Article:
5 Ways to Nuture Resilience in your Children

Written By Michelle Hatzisavvas

Even though this term is more widely used, the true meaning is often unclear. To be resilient is to be able to “bounce back” from a stressful event or situation. Just as important, is to then identify the emotional impact. No point in bouncing back if you have not learnt something useful for next time.

We would all like our children to be resilient. As a parent, I want to know that my children’s “toolbox” of coping skills is ever growing and, that they have the capacity to pull out skills as required, to get through life’s adversities. We have a crucial role as parents to help build our child’s resilience so here are 5 ways to think about how.

Empathy is showing that you understand someone else. Be empathetic toward your child by validating when they share what they feel and what they think about things. This reassures them that you value what they say. By role modeling empathy toward others, your child will learn to ‘feel’ for others (compassion) and consider what another person may be experiencing.

Good Communication is a big area. The main ingredients here are to really listen to what your child is saying or trying to say and, to consider how you might respond. Try to respond in a way that helps your child to feel heard and understood, even if you don’t agree! By role modeling ‘turn taking’ in the acts of speaking and responding, you will promote a consultative process instead of a power struggle which can often lead to “telling” your child how to feel and what to do.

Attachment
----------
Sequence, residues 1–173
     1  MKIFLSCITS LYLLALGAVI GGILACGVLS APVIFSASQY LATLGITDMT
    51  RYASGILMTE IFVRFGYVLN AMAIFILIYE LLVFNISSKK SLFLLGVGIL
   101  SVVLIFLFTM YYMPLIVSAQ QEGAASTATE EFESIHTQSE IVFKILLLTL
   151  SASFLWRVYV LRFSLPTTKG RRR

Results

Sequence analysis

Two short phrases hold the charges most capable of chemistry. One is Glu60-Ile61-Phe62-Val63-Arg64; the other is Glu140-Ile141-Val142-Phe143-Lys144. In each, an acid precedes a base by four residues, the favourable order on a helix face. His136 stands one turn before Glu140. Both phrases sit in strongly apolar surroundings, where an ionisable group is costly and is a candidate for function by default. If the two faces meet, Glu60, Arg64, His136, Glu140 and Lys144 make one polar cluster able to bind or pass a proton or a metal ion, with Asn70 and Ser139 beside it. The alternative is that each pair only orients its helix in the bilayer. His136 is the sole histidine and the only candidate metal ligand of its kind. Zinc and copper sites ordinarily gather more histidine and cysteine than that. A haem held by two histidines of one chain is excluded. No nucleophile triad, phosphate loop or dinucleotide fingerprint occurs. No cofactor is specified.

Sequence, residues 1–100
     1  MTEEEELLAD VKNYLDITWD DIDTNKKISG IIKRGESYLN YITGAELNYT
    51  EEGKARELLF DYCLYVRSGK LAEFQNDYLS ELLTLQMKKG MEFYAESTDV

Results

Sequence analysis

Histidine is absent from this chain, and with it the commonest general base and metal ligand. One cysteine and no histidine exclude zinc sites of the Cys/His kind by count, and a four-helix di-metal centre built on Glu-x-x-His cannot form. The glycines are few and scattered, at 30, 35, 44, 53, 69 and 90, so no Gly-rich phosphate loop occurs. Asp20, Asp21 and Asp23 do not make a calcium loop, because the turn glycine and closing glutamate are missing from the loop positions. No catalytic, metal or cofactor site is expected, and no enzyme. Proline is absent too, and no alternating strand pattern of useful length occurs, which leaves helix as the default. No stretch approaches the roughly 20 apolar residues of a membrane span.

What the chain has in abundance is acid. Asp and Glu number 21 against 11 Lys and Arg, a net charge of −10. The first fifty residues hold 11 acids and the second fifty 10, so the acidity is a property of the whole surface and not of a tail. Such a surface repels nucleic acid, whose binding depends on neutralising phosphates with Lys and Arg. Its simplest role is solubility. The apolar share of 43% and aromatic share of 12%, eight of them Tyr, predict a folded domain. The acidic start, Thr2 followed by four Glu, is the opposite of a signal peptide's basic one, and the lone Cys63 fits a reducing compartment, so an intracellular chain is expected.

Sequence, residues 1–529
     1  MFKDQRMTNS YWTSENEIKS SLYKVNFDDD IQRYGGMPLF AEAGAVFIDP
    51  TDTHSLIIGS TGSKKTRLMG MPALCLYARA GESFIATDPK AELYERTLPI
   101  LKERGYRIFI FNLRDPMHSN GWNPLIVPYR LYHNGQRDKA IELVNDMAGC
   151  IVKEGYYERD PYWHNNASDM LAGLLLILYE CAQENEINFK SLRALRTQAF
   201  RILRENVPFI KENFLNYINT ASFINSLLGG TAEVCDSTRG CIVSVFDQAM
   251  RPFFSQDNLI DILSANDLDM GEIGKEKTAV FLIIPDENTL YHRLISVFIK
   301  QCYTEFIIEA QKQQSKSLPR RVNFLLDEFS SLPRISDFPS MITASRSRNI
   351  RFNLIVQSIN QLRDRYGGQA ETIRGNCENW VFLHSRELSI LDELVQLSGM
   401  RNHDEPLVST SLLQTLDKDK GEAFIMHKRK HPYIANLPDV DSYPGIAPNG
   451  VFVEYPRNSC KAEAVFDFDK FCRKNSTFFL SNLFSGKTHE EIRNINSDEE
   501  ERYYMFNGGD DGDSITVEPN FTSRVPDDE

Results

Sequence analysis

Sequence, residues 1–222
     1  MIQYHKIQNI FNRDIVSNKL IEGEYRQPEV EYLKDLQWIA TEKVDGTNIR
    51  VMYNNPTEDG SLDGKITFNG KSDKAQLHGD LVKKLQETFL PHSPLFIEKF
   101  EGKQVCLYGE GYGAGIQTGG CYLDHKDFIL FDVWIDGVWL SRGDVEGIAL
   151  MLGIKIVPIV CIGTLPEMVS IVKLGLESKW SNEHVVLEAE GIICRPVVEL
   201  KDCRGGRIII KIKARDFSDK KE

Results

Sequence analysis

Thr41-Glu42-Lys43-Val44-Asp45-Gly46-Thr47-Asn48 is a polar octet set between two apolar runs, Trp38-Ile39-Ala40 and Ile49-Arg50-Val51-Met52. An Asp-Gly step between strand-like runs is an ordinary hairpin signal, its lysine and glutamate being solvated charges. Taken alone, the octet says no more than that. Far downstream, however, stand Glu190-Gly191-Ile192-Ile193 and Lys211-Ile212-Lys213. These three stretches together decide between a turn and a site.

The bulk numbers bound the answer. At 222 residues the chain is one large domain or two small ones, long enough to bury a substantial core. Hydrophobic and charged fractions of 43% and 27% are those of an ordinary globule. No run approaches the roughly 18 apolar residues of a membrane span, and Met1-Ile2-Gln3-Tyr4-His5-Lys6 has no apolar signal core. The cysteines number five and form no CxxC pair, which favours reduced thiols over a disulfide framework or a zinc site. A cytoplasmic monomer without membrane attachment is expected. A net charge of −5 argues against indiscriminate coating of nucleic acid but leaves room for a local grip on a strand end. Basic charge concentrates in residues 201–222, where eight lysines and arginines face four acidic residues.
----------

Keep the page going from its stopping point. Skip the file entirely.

Problem Solving is one of the greatest life skills you can teach your child. This process allows for lots of learning. Encourage your child to identify the problem and come up with possible solutions. With your guidance, consult about what options may be best and help your child to choose one. It is important to then review their choice and talk about whether it worked or not and why. What a great way to empower your child and build their confidence. Sadly, I have worked with many adults that could not solve a problem if their life depended on it!

Opportunities to be responsible are great ways to increase your child’s confidence in their own abilities. This also strengthens their self-esteem. Encourage your child to help others even if only in a small way. Give your child tasks to be responsible for at home to help them value their home and what’s in it! If you believe in your child, they will believe in themselves and this positive sense of self will encourage independence and a “Can Do” attitude.

Show Love in different ways. Hearing that you are loved is wonderful but so is feeling it and getting a sense of it. Write little notes in your child’s lunchbox, get a small whiteboard for their room and write up nice messages for them to read when they get home or wake up in the morning, surprise them with little treats (homemade is great!) and praise them when they don’t expect it. These are ways to help your child feel secure and loved no matter what stresses they are coping with.

As you can see, building resilience in our children is easier than you think. With patience and understanding try out one or more of the 5 ways I have suggested to make a start.

 

image[2]Michelle Hatzisavvas is a Child & Family Psychologist and Mum of 3. March 2013.

 

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